Discover Your Correct Skin Undertone For Makeup That Looks Best On You

By Brendan Vartan, esthetician & mua / @brendanvartan


When It comes to finding makeup that looks best on you, knowing your undertone and coordinating it with the undertone of your makeup is very important. In this article, I  will discuss some easy ways to find out what skin undertone you have and how to look for undertones in makeup using red lipstick shades as examples. 

I consider red the 'little black dress" of lipstick shades, and I recommend you have at least one red lipstick in your makeup wardrobe. It's a timeless color that can instantly make you look put-together and will never go out of style. As a makeup artist, however, I often hear "I can't wear red lipstick." or "Red lipstick does not look good on me." While not everyone looks her or his best in deep burgundy reds or bright orange reds, I'm here to tell you that you can wear red and that there is a red lipstick that will look good on you. The key is to look at the undertone of the lipstick and compare it with the undertone of your skin. 


What is undertone, you may ask? It is the layer of color or tone underneath the top of your skin that can be cool (blue or tones), warm (yellow, oranges...think close to the sun) or neutral (a mixture of warm & cool tones). So how can you tell which undertone you have?
  • One way is to look at the veins in your wrists. If they look purplish or blue, then you have a cool undertone. If they look green, you have a warm undertone. However, if it seems to be a mix of the colors or if it's very hard for you to tell when looking at your veins, you may be in the neutral category which often means you can work will wearing shades with multiple undertones.
  • You can also look at the clothes or jewelry you like to wear to help determine the undertone of your skin.  If you wear rich jewel tones such as blue-reds, blues, purples, and greens best and you look best in silver jewelry, you most likely have a cool undertone and will look amazing in reds with hints of blues or pinks like Modern Perfection Matte Lipstick in Princess of Power pictured here.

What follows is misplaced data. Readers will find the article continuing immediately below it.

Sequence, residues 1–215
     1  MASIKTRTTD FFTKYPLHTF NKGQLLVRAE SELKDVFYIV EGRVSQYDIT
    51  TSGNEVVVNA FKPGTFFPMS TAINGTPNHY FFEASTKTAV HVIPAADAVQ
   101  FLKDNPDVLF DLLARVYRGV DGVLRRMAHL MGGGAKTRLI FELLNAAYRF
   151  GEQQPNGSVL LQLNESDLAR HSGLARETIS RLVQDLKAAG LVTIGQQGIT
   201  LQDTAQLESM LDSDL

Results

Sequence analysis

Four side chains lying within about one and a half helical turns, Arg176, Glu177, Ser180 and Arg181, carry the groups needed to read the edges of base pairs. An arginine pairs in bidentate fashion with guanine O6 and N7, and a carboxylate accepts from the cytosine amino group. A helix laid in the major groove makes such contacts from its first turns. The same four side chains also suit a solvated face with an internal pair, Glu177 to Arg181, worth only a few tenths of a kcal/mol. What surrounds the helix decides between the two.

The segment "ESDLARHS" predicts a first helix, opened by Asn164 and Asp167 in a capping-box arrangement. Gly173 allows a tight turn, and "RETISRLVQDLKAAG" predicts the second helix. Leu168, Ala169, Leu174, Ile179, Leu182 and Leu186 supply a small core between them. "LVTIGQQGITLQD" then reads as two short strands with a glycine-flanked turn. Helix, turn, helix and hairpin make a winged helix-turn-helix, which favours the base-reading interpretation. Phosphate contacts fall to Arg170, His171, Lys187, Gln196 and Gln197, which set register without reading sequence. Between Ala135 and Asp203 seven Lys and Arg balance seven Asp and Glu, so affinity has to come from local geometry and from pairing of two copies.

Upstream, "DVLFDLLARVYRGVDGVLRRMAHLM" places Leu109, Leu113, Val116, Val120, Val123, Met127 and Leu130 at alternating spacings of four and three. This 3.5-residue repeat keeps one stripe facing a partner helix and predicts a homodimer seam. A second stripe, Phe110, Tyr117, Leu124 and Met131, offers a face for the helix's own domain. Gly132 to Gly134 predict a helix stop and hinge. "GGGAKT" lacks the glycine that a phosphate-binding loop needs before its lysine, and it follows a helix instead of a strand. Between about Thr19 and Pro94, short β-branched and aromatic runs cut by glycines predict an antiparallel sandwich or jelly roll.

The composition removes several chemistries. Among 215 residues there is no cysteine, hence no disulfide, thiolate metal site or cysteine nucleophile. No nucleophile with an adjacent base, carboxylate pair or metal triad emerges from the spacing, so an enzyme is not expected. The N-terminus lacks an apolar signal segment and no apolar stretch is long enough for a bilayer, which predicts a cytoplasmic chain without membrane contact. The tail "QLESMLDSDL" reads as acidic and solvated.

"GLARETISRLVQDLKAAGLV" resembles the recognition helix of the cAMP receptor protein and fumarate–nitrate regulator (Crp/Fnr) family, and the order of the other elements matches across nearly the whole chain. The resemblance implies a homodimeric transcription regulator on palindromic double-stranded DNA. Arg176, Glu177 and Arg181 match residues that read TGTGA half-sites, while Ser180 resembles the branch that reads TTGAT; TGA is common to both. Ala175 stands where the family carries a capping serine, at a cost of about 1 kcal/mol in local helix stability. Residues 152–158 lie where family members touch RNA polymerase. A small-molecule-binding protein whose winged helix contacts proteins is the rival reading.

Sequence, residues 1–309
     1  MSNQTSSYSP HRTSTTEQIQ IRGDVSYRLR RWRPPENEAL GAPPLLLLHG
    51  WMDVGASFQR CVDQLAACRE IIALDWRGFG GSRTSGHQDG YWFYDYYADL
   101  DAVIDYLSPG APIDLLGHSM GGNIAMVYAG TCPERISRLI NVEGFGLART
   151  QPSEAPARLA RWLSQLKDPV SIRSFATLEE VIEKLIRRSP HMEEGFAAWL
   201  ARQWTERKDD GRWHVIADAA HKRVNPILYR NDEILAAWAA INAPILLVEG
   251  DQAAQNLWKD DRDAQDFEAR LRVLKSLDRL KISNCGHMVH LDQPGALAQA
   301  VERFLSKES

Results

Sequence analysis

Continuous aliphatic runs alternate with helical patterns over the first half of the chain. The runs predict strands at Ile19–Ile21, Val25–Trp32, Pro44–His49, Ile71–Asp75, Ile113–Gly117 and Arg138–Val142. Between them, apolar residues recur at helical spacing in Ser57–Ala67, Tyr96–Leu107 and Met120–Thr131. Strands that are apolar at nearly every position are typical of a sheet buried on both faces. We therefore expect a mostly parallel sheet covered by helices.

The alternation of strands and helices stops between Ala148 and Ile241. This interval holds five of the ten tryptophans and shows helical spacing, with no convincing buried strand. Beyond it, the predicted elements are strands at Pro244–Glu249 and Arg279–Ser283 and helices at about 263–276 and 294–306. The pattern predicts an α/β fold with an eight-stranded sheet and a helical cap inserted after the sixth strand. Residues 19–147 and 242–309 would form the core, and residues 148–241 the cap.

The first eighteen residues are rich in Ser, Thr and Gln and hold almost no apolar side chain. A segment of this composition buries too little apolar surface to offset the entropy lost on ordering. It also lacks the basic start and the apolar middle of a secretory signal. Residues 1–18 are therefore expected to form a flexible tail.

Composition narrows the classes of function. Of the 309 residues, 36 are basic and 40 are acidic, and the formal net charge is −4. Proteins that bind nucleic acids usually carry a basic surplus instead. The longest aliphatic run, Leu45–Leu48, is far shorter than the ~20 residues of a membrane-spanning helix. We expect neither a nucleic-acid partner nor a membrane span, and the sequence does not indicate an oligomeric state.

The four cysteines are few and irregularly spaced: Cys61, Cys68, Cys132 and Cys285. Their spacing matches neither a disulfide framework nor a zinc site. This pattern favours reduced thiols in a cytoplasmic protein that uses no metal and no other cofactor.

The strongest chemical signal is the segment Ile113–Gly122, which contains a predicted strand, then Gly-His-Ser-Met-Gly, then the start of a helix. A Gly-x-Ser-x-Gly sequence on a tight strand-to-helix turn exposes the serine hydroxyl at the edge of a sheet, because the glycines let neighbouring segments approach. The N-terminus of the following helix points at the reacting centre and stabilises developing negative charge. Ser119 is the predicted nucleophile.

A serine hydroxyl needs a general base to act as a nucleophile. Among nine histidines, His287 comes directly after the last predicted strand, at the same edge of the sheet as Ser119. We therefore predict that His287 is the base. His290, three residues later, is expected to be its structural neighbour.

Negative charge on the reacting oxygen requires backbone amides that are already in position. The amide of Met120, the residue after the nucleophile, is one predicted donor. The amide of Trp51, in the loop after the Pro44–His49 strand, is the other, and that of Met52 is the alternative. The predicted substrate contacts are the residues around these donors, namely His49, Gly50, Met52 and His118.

Lex and Jong Modern Perfection Matte Lipstick in Princess of Power - a neutral red with slight blue undertones

  • If you look better in colors that are generally considered warm such as yellow, oranges, orange-reds or browns and gold jewelry looks best on you, then chances are, you have a warm undertone.
  • Now here's the wild card - Olive complexions. While most olive complexions are considered neutral, they tend to have a green or yellow cast that can range anywhere from light-beige & slightly grayish to medium/deep tan. While this allows olive complexions to wear many colors, those with olive complexions generally look great in reds with some warmth, earthy or slight brown tones like Modern Perfection Cream Lipstick in Peculiar Belle, pictured here.

Lex and Jong Modern Perfection Cream Lipstick in Peculiar Belle

        Such tones complement the green & yellow in olive complexions well. 


Determining the undertone of a product is similar to determining the undertone for your skin. Like skin, lipsticks also have undertones. If you have some lipsticks in front of you, the best test is to swipe against the veins in your wrists. When you do this, the undertones of the lipsticks can usually be seen around the edges of the swatch. If you don't have the lipsticks in front of you, you can try to visually compare the colors. 

Lex and Jong Modern Perfection Matte Lipstick in Fire Dragon - an orange red


  • If the red gives off more of a pink or blue hue, it will work best with cool skin tones. With all of this said, these are not rules but guidelines. If you want the color to pop against your skin instead of complementing it, then by all means, you can choose a color that is in contrast with your natural undertone. 


  • Generally, red lipsticks look best with a clean line. As we age, we tend to lose definition in our lips so I suggest using a lip liner to line and fill in your lips to not only help the color last, but help keep the look clean.
  • Sometimes, it's not just about the color, but the texture that suits you best. If you are not yet comfortable with reds, find one with the right undertone, apply a layer and blot so it leaves a "just bitten" stain. For other days, you may want to opt for a sheer red gloss. For photography, I mostly prefer to have matte or semi-matte to matte reds as a base.
  • I know it may be intimidating but I encourage you to give this timeless color a try...and who knows? You may feel so good about how you look that you may find a new favorite signature shade.
Please let me know about your experience. If you have any questions about what's right for you, please contact me at and I will be happy to help. Also, don't forget to sign up for our VIP list so you don't miss out on upcoming beauty tips!

Leave a comment

All comments are moderated before being published